Part of Palin’s leverage is that she’s still trying to position herself as a bridge between the Tea Party movement and the GOP, if only because she still needs as many allies as she can get.      Other GOP figures like Mitt Romney and Tim Pawlenty, who headlined the annual Conservative Political Action Conference last week (from which Palin was politely excluded) are engaged in the same straddle.   Either man, especially Romney, is probably more electable than Palin, but neither can command the crowds or fire up the GOP base, let alone the Tea Party, like the “Thrilla from Wasilla.”

Palin may not wind up with the GOP nomination in 2012; it would probably be disastrous for Republicans to choose her.  But don’t be surprised if Romney and the other contenders come begging for her support.   And if the GOP does manage to win, she could well end up with a cabinet post, most likely Secretary of Energy.

And don’t forget:  she’s only 46.  Whatever happens in 2012, we haven’t heard the end of her.

Stewart J. Lawrence is a Washington, DC-based immigration policy specialist.  He can be reached at stewartlawrence81147@gmail.com.

 

February 08, 2016
Paul Craig Roberts – Michael Hudson
Privatization: the Atlanticist Tactic to Attack Russia
Mumia Abu-Jamal
Water War Against the Poor: Flint and the Crimes of Capital
John V. Walsh
Did Hillary’s Machine Rig Iowa? The Highly Improbable Iowa Coin Tosses
Vincent Emanuele
The Curse and Failure of Identity Politics
Eliza A. Webb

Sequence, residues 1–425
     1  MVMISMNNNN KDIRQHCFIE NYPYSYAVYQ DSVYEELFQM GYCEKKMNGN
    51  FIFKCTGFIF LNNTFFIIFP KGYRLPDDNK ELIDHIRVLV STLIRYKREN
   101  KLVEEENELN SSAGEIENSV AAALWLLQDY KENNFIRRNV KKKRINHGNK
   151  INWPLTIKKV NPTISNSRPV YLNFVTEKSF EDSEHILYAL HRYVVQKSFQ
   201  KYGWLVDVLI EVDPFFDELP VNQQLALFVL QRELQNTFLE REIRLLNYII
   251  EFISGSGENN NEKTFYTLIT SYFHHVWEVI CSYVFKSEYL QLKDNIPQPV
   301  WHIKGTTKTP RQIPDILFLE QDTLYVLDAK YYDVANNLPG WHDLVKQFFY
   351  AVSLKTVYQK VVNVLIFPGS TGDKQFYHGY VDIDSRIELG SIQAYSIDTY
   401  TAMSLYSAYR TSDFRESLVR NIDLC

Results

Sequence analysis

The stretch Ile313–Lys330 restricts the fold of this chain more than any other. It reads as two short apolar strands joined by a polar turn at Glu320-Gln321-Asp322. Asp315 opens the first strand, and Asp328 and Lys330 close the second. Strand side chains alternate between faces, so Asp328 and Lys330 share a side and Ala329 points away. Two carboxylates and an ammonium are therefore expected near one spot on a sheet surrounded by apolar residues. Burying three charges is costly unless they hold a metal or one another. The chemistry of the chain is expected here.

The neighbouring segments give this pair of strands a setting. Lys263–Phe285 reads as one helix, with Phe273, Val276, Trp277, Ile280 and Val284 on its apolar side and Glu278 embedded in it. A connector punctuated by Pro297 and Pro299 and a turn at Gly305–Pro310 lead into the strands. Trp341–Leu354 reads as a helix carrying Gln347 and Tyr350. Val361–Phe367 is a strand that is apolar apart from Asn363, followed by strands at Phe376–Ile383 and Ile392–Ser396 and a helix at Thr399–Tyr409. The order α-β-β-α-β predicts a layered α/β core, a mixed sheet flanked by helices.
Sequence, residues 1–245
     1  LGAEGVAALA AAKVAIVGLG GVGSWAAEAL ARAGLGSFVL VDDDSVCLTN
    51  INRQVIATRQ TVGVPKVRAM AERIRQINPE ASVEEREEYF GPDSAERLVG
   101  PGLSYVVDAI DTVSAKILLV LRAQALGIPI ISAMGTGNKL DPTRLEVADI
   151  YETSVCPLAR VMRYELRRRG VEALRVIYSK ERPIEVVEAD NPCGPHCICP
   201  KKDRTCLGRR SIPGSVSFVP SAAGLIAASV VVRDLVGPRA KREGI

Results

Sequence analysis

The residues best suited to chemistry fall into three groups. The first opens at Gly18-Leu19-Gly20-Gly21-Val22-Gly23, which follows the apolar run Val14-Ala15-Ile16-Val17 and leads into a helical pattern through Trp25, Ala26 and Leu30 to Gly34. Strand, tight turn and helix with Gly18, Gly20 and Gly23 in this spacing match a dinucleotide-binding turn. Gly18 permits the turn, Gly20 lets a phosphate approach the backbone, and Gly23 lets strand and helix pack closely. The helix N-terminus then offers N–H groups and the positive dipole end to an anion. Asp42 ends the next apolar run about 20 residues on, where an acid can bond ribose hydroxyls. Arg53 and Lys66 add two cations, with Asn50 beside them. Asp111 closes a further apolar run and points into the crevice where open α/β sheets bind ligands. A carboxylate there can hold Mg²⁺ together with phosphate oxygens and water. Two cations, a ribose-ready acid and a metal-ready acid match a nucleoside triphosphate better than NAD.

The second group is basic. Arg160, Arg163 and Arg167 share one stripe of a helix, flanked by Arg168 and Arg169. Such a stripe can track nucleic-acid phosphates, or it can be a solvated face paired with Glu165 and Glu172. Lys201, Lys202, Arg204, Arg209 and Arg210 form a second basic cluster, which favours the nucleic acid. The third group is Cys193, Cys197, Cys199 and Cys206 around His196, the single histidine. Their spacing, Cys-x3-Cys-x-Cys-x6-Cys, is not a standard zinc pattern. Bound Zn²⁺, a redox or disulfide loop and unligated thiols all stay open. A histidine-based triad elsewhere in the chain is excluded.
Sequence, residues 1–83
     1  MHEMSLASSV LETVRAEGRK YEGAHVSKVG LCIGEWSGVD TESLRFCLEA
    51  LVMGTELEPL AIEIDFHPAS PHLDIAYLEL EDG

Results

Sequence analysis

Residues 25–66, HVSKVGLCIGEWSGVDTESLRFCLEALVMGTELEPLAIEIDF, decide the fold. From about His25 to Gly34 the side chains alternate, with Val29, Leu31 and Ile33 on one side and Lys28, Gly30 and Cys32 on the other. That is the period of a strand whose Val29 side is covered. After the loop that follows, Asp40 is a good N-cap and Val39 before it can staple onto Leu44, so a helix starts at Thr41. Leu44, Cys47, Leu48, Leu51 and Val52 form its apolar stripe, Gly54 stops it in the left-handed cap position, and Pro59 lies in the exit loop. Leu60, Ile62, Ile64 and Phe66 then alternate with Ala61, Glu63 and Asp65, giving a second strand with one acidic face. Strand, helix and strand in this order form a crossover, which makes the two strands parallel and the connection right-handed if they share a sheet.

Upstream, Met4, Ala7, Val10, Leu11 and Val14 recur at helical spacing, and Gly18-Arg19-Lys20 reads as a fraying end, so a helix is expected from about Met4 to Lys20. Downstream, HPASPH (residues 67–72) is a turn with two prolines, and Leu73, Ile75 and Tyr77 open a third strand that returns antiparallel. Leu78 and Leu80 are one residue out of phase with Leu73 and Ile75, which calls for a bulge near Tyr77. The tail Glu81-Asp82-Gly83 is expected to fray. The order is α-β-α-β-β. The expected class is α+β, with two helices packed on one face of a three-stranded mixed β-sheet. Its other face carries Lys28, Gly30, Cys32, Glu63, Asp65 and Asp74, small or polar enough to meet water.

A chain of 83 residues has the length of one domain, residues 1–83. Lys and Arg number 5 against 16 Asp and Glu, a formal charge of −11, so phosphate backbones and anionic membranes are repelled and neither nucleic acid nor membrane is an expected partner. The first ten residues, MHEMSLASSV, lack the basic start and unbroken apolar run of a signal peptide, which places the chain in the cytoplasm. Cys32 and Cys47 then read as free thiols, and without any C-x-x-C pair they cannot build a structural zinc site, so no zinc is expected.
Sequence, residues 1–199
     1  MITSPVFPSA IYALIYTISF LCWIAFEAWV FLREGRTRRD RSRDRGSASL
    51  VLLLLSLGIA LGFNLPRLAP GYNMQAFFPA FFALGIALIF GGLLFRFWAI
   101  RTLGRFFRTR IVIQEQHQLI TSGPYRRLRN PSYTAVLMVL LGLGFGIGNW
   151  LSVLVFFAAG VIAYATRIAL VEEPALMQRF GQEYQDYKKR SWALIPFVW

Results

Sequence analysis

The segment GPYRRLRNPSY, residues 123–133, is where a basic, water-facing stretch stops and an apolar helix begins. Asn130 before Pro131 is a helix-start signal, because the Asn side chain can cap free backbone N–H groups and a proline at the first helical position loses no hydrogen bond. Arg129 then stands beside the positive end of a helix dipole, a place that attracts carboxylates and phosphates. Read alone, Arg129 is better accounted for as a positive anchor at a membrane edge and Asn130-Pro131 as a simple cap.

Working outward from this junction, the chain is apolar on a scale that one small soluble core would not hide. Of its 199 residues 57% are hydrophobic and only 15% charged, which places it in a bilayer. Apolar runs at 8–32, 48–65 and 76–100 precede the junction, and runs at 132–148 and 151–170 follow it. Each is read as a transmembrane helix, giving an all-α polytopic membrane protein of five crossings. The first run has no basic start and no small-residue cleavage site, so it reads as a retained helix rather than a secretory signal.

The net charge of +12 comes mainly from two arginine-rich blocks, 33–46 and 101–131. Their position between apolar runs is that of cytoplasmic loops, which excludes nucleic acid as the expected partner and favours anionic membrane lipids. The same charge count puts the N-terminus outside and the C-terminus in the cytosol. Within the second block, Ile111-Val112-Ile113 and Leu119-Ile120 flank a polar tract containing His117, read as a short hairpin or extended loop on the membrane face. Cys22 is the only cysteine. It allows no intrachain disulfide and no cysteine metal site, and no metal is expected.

Hillary Clinton’s Populist Charade
Uri Avnery
Optimism of the Will
Roy Eidelson Trudy Bond, Stephen Soldz, Steven Reisner, Jean Maria Arrigo, Brad Olson, and Bryant Welch
Preserve Do-No-Harm for Military Psychologists: Coalition Responds to Department of Defense Letter to the APA
Patrick Cockburn
Oil Prices and ISIS Ruin Kurdish Dreams of Riches
Binoy Kampmark
Julian Assange, the UN and Meanings of Arbitrary Detention
Shamus Cooke
The Labor Movement’s Pearl Harbor Moment
W. T. Whitney
Cuba, War and Ana Belen Montes
Jim Goodman
Congress Must Kill the Trans Pacific Partnership
Peter White
Meeting John Ross
Colin Todhunter
Organic Agriculture, Capitalism and the Parallel World of the Pro-GMO Evangelist
Ralph Nader
They’re Just Not Answering!
Cesar Chelala
Beware of the Harm on Eyes Digital Devices Can Cause
Weekend Edition
February 5-7, 2016
Jeffrey St. Clair
When Chivalry Fails: St. Bernard and the Machine
Leonard Peltier
My 40 Years in Prison
John Pilger
Freeing Julian Assange: the Final Chapter
Garry Leech
Terrifying Ted and His Ultra-Conservative Vision for America
Andrew Levine
Smash Clintonism: Why Democrats, Not Republicans, are the Problem
William Blum
Is Bernie Sanders a “Socialist”?
Daniel Raventós - Julie Wark
We Can’t Afford These Billionaires
Enrique C. Ochoa
Super Bowl 50: American Inequality on Display
Jonathan Cook
The Liberal Hounding of Julian Assange: From Alex Gibney to The Guardian
George Wuerthner
How the Bundy Gang Won
Mike Whitney
Peace Talks “Paused” After Putin’s Triumph in Aleppo 
Ted Rall
Hillary Clinton: the Good, the Bad and the Ugly
Gary Leupp
Is a “Socialist” Really Unelectable? The Potential Significance of the Sanders Campaign
Vijay Prashad
The Fault Line of Race in America
Eoin Higgins
Please Clap: the Jeb Bush Campaign Pre-Mortem
Joseph Mangano – Janette D. Sherman
The Invisible Epidemic: Radiation and Rising Rates of Thyroid Cancer
Andre Vltchek
Europe is Built on Corpses and Plunder
Jack Smith
Obama Readies to Fight in Libya, Again
Robert Fantina
As Goes Iowa, So Goes the Nation?
Dean Baker
Market Turmoil, the Fed and the Presidential Election
John Grant
Israel Moves to Check Its Artists
John Wight
Who Was Cecil Rhodes?
David Macaray
Will There Ever Be Anyone Better Than Bernie Sanders?
Christopher Brauchli
Suffer Little Children: From Brazil to Flint
JP Sottile
Did Fox News Help the GOP Establishment Get Its Groove Back?
Binoy Kampmark
Legalizing Cruelties: the Australian High Court and Indefinite Offshore Detention
John Feffer
Wrestling With Iran
Rob Prince – Ibrahim Kazerooni
Syria Again
Louisa Willcox
Park Service Finally Stands Up for Grizzlies and Us
FacebookTwitterGoogle+RedditEmail